Deakin University

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Relationships between sleeve trial and wearer trial assessment of discomfort and objective measurements

journal contribution
posted on 2015-02-17, 00:00 authored by Bruce McGregor, E Doyle, J Thompson, Maryam NaebeMaryam Naebe, J Speijers, D Tester
The relationships were investigated between the prickle discomfort scores, assessed by human response from wearer trial garment assessment, and sleeve trial, Wool ComfortMeter (WCM) and Wool HandleMeter (WHM) assessments of fabrics, and fiber diameter characteristics including mean fiber diameter (MFD). Sleeve trial assessment followed exercise, the use of a control sleeve to reduce participant variance and four sensory traits. WHM provides eight handle parameters calibrated against a panel of experts. Four scenarios were evaluated: sleeve trial assessment with MFD; sleeve trial assessment with MFD and WCM; sleeve trial assessment with MFD, WCM and WHM parameters; and sleeve trial assessment with WCM and WHM parameters. Data were analyzed using correlation and forward stepwise general linear modeling. There was no evidence that the incidence of fibers coarser than 30 µm aided the prediction of prickle discomfort once MFD had been accounted for in the models. There were significant correlations between the WCM measurement and each sleeve trial attribute. There was no significant correlation between WHM parameters and sleeve trial assessments. The sleeve trial attribute of ‘skin feel’ offers potential to improve the predictions made of wearer trial prickle discomfort when used in association of the WCM with or without data on fabric MFD. There was little evidence to support using WHM parameters with or without the WCM in predicting wearer assessed prickle discomfort of fabrics. These results indicate that the rapid evaluation of fabrics using sleeve trial assessment can provide cost effective ranking of consumer preferences.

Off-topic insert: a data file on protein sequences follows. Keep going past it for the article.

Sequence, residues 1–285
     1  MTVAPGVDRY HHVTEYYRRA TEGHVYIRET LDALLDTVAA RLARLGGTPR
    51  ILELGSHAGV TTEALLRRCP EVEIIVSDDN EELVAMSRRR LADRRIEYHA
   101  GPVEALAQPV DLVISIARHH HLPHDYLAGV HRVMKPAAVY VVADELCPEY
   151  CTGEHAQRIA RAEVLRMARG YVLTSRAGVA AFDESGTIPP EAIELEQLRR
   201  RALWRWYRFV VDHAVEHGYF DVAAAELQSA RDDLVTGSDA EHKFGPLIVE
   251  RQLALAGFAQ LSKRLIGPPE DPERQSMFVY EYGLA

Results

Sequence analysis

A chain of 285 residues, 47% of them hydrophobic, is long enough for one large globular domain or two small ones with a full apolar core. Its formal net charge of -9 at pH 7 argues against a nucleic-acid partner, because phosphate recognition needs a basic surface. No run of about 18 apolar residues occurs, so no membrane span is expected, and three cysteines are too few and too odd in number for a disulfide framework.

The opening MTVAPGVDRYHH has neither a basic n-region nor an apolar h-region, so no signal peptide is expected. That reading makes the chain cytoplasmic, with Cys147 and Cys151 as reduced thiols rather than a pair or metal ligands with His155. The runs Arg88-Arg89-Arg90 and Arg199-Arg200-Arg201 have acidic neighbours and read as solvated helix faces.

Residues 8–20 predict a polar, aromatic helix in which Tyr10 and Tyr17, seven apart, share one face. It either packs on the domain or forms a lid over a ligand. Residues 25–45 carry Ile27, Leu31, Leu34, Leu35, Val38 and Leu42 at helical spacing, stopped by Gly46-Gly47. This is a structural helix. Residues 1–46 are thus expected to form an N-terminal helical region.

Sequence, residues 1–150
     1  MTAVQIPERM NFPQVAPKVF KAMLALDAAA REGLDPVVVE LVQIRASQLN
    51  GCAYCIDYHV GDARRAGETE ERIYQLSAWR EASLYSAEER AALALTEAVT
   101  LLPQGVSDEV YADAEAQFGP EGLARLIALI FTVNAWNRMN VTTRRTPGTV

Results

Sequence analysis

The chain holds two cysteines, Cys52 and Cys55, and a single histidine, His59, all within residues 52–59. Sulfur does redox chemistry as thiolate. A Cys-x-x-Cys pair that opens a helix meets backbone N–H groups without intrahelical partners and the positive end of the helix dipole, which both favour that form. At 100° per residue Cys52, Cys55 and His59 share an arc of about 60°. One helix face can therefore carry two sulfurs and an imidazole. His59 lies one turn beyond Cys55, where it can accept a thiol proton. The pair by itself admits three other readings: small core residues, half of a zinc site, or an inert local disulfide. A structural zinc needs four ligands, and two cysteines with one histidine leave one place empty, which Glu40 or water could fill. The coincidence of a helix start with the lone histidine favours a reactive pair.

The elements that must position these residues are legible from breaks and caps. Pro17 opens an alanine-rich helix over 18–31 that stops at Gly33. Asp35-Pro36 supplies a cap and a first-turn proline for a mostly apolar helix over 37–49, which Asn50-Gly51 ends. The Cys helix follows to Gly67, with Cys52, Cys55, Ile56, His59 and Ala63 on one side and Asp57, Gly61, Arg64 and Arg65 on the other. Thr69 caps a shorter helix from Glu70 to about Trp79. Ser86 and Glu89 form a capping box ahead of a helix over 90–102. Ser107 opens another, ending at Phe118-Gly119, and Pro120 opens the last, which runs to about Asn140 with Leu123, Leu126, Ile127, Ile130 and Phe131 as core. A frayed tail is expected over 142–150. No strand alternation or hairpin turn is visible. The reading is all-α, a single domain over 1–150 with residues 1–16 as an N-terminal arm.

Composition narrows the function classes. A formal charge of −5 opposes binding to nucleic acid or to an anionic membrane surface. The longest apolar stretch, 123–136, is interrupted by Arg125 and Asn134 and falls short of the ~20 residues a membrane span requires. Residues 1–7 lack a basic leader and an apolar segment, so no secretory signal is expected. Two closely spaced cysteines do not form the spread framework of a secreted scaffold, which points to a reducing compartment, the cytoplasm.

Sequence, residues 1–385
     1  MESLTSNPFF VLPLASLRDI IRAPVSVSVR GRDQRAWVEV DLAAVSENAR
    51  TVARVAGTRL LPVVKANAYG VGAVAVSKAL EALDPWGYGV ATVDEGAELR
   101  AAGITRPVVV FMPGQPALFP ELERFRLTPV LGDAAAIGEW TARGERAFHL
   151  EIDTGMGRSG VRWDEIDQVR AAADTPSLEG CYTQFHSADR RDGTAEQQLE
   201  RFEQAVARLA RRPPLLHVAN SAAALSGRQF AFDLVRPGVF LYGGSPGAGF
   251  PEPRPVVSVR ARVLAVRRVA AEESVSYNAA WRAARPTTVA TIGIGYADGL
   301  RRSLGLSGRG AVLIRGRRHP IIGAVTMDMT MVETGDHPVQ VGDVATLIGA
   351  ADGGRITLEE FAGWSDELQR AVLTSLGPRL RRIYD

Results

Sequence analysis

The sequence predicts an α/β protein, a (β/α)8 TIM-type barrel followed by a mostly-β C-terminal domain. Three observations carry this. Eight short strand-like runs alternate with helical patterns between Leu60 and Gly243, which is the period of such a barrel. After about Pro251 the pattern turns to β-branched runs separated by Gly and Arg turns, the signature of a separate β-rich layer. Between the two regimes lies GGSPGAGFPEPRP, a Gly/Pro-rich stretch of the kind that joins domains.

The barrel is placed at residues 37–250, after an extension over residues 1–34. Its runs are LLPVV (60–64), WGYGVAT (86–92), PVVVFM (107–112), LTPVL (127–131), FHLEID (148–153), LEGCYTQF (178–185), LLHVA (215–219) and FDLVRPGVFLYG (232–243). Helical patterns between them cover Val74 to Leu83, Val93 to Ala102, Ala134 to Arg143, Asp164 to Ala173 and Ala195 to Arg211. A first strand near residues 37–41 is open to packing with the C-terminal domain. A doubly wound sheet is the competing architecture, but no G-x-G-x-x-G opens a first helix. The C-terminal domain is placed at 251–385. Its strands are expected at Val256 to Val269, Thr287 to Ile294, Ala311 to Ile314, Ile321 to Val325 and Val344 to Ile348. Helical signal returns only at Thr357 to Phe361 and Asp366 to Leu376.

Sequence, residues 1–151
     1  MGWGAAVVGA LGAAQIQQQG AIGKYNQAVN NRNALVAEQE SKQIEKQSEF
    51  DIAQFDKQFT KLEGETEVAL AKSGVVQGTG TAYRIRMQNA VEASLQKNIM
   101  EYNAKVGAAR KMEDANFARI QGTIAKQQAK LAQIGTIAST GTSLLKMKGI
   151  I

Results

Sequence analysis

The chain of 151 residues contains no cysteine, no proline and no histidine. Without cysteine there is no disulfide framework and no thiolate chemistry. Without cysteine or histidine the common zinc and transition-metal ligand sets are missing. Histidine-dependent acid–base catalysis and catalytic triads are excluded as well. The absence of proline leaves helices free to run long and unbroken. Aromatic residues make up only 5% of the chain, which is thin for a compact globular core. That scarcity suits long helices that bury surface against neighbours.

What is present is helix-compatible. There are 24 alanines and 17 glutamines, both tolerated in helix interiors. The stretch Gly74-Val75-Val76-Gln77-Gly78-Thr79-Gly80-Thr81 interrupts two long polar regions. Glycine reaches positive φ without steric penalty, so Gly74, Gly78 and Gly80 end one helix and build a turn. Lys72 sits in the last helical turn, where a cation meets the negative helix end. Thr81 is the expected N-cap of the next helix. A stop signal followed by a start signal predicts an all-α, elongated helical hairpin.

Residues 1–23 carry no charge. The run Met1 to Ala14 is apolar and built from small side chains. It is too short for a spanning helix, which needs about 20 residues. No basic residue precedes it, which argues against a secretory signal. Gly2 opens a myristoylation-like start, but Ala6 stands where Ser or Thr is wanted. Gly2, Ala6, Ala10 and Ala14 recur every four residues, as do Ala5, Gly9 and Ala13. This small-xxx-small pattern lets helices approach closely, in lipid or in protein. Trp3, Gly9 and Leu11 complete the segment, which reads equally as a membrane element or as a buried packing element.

Textile Research Journal






272 - 280


SAGE Publications Ltd





Publication classification

C Journal article; C1 Refereed article in a scholarly journal

Copyright notice

2015, SAGE Publications